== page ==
Glowlight tetra

Aquarium fish: Glowlight tetra (Hemigrammus erythrozonus)
Size: 4 cm
Origin: South America
Water temperature: 24-28 ° C
Aquarium volume: 54 l

Glowlight tetra (Hemigrammus erythrozonus) – a small freshwater fish from the tetras family, often found in aquariums.

Occurrence

South America . Inhabits the longest river of Guyana – Rio Essequibo. Most often found in its tributaries in forest areas. In very acidic and brown-colored waters.

Characteristics and disposition

One of the most common fish found in aquarium stores . Due to the low price and high durability, they will be the right choice for beginner aquarists. Adult fish reach up to 4 cm in length. Females are thicker and usually larger than males. They are characterized by the gray-green color of the torso, through which a shiny orange stripe runs.

Transparent or white fins. The albino variety was also specially bred for commercial purposes . A shoal species by nature. It is recommended to keep at least 6 individuals , preferably 10 or more. In a large group, the fish not only feel better, but also present themselves more effectively in the aquarium.

They mostly stay in the middle of the aquarium.

Nutrition and feeding

They are happy to eat any available food. Good condition and coloring will be ensured by regular administration of live and frozen foods, e.g. bloodworm, daphnia, artemia.

Aquarium

A small flock can be kept in a 54-liter aquarium.

They look best against the background of lush vegetation. In modestly arranged tanks, their colors will seem faded. Although they can live in alkaline water, they feel best in acidic water in the range of approx. 5.5 – 6.5 pH. If we want to reflect their natural environment , we will need river sand, a branch with twisted roots and a handful of dried leaves (e.g.

beech, oak). Wood and leaves will tint the water the color of weak tea. We replace rotting leaves every few weeks. Lighting should not be too strong. In an aquarium prepared in such a way, the fish look the most interesting.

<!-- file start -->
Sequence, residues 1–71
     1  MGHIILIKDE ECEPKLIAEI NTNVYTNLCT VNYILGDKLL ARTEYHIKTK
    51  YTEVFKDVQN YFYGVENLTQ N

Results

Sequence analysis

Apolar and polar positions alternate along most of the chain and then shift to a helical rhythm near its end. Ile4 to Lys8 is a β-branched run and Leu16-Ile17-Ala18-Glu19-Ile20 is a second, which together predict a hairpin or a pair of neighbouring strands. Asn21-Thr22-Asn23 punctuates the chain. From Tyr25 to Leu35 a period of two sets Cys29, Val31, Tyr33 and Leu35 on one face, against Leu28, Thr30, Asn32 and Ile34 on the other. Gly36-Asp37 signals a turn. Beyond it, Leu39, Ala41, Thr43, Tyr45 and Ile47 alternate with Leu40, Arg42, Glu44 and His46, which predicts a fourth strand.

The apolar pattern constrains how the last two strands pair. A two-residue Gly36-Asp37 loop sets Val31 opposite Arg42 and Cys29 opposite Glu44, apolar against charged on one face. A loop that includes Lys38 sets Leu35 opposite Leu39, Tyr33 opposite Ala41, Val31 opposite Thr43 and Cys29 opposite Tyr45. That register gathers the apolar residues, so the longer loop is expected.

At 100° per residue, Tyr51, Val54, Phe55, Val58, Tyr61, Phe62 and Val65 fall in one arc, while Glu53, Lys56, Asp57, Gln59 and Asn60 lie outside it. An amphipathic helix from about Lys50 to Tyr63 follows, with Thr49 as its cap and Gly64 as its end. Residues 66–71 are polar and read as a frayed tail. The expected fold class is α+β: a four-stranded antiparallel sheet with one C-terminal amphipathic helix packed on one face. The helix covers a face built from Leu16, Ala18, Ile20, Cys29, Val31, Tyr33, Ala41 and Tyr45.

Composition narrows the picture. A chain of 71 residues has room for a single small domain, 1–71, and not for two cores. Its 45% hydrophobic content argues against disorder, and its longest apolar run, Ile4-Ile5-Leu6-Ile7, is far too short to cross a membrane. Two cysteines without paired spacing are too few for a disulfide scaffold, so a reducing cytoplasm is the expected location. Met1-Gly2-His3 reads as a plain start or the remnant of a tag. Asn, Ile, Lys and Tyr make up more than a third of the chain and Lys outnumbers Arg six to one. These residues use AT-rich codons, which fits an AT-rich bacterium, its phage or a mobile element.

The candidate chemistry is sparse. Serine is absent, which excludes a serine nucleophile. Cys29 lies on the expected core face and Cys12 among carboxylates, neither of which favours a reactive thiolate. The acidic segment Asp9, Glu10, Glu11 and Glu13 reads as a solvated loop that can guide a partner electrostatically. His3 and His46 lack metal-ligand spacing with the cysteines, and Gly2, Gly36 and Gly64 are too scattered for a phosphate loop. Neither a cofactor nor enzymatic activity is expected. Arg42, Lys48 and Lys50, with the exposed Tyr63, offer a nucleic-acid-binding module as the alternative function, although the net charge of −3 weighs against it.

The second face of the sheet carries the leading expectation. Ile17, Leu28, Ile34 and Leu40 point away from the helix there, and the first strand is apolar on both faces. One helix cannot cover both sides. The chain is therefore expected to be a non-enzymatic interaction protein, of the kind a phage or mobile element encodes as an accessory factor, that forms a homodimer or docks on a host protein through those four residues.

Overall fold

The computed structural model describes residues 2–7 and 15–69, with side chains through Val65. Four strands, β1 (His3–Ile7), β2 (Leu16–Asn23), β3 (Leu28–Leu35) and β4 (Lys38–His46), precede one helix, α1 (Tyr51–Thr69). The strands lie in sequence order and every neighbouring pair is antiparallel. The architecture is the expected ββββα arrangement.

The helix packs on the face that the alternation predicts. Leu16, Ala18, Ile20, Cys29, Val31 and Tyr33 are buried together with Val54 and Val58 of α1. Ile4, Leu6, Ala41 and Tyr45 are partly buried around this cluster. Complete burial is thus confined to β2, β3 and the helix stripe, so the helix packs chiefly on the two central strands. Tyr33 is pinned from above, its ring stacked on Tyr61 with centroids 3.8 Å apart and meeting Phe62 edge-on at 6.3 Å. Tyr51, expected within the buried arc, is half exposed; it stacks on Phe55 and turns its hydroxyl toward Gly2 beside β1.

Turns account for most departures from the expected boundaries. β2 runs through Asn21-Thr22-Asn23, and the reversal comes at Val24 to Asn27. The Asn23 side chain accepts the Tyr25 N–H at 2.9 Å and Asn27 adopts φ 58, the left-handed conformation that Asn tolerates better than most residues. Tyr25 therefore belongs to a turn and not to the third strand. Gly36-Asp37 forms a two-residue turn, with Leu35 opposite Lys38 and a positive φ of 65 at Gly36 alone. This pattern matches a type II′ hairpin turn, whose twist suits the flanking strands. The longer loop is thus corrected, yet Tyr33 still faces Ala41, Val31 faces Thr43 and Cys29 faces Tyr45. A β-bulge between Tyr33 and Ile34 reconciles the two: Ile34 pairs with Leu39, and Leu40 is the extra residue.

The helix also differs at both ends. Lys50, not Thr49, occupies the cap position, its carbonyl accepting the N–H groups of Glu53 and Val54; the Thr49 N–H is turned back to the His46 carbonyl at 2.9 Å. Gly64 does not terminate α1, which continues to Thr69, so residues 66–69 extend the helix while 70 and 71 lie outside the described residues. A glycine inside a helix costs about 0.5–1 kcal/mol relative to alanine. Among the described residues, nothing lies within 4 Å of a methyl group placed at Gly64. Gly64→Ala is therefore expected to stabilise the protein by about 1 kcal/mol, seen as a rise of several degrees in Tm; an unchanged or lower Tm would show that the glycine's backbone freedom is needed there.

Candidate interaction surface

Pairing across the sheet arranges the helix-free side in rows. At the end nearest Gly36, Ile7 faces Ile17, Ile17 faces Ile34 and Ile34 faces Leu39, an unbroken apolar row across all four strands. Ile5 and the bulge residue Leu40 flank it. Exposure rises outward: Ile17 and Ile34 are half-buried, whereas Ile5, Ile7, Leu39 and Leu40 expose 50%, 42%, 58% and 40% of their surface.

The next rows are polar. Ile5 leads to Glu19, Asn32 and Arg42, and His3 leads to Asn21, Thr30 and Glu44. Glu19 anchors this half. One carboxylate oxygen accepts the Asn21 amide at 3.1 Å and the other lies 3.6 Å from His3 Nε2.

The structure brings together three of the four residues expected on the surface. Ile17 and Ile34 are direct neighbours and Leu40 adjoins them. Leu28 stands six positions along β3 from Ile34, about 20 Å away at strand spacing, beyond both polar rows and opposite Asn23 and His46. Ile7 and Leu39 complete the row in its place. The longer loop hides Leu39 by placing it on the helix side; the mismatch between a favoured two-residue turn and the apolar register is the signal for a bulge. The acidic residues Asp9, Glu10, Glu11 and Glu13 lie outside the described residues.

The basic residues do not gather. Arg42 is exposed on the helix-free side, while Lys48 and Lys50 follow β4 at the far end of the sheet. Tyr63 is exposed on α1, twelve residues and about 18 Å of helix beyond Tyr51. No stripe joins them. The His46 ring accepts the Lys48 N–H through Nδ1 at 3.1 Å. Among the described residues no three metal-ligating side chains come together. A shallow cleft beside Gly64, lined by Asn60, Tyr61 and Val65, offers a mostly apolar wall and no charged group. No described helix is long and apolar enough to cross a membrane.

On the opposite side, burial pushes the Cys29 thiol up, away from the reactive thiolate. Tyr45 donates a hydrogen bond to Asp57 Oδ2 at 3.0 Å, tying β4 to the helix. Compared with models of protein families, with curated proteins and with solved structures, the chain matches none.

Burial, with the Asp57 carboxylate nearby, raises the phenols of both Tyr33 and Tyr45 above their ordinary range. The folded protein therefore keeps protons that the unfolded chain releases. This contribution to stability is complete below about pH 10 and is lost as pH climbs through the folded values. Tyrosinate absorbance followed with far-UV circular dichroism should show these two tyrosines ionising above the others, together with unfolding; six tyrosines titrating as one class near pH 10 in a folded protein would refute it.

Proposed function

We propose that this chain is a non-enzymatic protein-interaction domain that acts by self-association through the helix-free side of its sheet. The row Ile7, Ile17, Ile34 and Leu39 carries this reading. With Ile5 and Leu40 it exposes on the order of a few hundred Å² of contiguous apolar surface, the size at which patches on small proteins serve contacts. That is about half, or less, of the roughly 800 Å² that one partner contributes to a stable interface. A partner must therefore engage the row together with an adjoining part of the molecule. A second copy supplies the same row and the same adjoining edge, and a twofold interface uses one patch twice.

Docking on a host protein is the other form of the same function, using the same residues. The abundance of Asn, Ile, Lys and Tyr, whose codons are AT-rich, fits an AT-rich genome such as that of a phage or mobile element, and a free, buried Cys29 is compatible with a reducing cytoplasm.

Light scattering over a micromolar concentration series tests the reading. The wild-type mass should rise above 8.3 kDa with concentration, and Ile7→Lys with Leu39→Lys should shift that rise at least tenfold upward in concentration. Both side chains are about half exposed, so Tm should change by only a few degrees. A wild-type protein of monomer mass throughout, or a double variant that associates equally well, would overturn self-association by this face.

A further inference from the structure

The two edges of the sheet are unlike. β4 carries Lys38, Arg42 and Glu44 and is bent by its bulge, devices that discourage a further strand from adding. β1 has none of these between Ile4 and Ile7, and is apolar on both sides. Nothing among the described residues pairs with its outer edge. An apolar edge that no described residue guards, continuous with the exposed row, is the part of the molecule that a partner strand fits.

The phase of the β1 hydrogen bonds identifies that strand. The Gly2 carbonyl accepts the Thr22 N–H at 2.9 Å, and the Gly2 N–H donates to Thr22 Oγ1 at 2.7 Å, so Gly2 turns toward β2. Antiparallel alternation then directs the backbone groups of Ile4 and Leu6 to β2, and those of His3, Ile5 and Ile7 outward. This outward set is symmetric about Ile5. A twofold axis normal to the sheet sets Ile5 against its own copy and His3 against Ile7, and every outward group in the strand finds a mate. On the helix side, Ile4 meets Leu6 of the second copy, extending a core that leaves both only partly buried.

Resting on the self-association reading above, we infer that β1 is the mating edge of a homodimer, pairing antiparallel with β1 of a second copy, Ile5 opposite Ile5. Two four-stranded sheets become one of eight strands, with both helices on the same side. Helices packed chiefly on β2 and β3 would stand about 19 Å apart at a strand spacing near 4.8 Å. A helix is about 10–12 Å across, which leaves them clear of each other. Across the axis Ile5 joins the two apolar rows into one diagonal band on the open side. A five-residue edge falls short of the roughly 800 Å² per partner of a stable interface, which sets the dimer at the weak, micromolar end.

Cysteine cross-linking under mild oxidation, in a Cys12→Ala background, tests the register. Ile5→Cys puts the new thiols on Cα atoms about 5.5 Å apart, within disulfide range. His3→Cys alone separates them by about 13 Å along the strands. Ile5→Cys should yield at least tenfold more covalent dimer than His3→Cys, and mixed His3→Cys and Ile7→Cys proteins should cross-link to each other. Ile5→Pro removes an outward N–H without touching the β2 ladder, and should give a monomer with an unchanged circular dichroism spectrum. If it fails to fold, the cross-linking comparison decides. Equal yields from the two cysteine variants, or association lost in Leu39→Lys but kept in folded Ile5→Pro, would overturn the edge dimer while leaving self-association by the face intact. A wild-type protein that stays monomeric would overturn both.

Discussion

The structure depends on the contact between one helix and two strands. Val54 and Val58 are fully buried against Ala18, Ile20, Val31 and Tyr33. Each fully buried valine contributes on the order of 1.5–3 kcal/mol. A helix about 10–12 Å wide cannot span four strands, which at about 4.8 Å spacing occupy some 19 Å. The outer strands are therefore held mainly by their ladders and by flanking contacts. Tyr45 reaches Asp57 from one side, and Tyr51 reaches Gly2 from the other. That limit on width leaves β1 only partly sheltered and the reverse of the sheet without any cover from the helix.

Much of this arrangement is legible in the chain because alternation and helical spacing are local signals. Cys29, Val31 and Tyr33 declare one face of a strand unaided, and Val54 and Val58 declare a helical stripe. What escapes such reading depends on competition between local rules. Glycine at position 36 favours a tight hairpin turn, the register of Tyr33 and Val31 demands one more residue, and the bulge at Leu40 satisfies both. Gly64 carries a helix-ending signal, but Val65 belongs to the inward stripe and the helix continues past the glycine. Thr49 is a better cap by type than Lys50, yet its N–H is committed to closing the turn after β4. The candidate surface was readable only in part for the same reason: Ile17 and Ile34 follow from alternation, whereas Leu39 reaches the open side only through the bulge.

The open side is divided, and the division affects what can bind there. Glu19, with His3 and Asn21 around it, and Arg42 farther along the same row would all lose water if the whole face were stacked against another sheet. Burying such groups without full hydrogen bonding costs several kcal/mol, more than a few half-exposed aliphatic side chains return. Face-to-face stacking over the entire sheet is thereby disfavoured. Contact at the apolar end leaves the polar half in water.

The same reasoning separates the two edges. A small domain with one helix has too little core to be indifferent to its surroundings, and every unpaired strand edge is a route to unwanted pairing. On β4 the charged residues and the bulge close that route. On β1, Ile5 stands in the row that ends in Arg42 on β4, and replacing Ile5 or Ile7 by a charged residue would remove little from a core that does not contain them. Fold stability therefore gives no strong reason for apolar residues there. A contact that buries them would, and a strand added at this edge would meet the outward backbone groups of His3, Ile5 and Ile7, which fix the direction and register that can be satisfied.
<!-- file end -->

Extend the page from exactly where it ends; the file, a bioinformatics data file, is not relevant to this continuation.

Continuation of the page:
Turists are colorful and peaceful fish. They will be the right choice for a social aquarium where they can be kept with most of the live fish, zebrafish , razor, other tetras and calm bottom fish such as cuirass or small armored fish. Gurami and nurses will also be great companions for them . They should not be combined with much larger fish, such as scalar , which can treat them as food. In a biotope aquarium they can be together with other turtles and rapids, microorganisms, cichlids and benthic fish from South America.

Breeding

Tortoises are fish that are relatively easy to breed. However, a separate, 40-liter aquarium will be necessary to raise more fry. Live small-leaved plants or an artificial aquarium mop should be placed in it. Optionally, you can cover the bottom with a fine mesh through which the spread roe will pass. The water should be soft and acidic in the range of 5.5 – 6.5 pH, 1-5 gH and temperature 27-29 ° C.

To obtain similar parameters, it will be helpful to filter the water through peat or to use demineralized water from the RO filter. A small sponge filter is sufficient for biological filtration and aeration. Fish can be bred in larger groups or in pairs. The second method is more effective, where the females are separated from the males and we feed them plentifully (3 times a day for about a week) with live or frozen food. When the females are clearly thicker, choose the thickest one and the best colored male and transfer them to the breeding aquarium in the evening.

Spawning usually takes place in the morning of the next day. The male quickly swims after the female and tries to chase her to a previously chosen place. If the female agrees, the fish approach each other and rotate around their axis, releasing 10 – 15 eggs during this time. In total, about 100 to 150 eggs are laid. Adult fish eat their eggs and fry so they must be separated as soon as possible.

Hatching occurs within 24-26 hours. The larvae begin to swim freely after another 3-4 days. During the first days, micro-foods should be given until they are large enough to take micro nematodes, artemi larvae, daphnia, etc. In the first period, eggs and young are very sensitive to light, so it is best to cover the aquarium.

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